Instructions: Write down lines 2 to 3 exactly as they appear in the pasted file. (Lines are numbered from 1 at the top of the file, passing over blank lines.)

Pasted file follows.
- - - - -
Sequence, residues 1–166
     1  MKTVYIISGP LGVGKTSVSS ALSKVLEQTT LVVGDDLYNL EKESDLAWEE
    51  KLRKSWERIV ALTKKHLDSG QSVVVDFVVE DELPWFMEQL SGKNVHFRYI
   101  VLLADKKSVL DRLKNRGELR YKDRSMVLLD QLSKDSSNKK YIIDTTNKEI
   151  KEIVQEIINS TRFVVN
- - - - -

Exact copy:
     1  MKTVYIISGP LGVGKTSVSS ALSKVLEQTT LVVGDDLYNL EKESDLAWEE
    51  KLRKSWERIV ALTKKHLDSG QSVVVDFVVE DELPWFMEQL SGKNVHFRYI